1. Deliquescent – “No, not pale and aristocratic, I fear, though one can see how you might imagine that, but more on the deliquescent side of things.”
The propensity of a material to dissolve or melt when in open contact with air. This is a little tricky because the sentence refers to clothing – it’s a tailor talking to a client. I believe he’s trying to say that the color doesn’t just make him look pale, but like he might dissolve at any moment.
2. Diktat – “In consequence of her father’s diktat against the sandpit, Elisabeth came to question his wisdom as it emerged from his mouth…”
A diktat is a harsh penalty or settlement imposed upon a defeated party by the victor.
3. Roister – “If we’re going to roister now, if he’s got some line-up of corporate houris we need to check out while drinking some faux-frontiersman drink he got to like back in the day, he’s going to kill me.”
To roister is to carouse: engage in boisterous, drunken merrymaking. And in case you aren’t familiar with houris, in Islam they are described as “as splendid companions of equal age, lovely eyed, of modest gaze, voluptuous, pure beings or companions pure of paradise.”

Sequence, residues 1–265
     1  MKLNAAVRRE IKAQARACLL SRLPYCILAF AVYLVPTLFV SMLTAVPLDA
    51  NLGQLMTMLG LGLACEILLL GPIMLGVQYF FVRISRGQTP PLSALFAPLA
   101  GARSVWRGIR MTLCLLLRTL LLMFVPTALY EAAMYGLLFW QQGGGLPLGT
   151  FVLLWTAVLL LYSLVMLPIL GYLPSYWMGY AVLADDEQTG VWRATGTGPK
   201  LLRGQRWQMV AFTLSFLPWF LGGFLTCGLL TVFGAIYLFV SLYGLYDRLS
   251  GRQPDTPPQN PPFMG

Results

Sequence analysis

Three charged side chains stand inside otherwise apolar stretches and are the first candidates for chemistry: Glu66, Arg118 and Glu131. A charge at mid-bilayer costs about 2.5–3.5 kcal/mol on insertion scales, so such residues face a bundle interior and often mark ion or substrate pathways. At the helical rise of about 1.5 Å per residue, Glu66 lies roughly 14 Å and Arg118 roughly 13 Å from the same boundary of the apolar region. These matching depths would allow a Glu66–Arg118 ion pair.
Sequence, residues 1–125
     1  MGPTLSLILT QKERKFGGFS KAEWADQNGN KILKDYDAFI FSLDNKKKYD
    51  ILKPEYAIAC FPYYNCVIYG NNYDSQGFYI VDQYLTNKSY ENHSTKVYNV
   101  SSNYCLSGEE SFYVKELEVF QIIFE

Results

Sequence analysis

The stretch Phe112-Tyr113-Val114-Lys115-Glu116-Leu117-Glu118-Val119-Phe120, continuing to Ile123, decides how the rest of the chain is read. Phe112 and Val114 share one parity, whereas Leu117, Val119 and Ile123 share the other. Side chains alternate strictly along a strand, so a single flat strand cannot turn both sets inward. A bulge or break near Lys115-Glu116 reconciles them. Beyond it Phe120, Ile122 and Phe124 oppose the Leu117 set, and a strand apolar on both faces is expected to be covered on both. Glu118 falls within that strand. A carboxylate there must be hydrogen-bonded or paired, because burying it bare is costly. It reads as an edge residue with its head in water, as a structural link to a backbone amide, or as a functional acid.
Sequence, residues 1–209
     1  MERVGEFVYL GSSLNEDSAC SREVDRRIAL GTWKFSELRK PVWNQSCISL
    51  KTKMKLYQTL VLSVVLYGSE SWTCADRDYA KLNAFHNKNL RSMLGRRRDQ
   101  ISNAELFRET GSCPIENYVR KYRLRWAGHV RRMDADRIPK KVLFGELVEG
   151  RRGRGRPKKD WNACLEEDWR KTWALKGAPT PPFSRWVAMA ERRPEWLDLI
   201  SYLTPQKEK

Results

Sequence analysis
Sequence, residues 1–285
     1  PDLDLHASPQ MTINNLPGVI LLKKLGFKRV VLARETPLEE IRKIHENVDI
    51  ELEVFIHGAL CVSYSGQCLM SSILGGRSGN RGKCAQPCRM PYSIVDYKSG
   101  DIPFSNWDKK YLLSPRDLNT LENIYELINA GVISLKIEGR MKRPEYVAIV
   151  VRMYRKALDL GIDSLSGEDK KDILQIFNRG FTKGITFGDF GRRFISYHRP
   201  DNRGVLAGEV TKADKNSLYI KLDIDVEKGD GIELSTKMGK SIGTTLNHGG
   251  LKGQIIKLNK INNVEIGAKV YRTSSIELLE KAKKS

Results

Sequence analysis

4. Myrmidons – “Jorgmund’s children – or maybe its myrmidons – do themselves well enough for clothes and rocks.”
There is an ancient Greek definition (a member of the warriors who followed Achilles on the expedition against Troy) that I was familiar with, but here it means a follower who carries out orders without question; a soldier or a subordinate civil officer who executes cruel orders of a superior without protest or pity.
5. Calumny – “‘Oh, that’s actually not bad.’ Calumny. I sit.”
Calumny is a misrepresentation intended to disparage or discredit. (In this case, he refers to an exceptional vintage of wine as “not bad.”)
6. Shuriken – “It is a most curious bee, with 5 sharp points. A shuriken bee, very rare.”
A dart or throwing blade, sometimes with multiple points, used as a weapon by ninja (or samurai).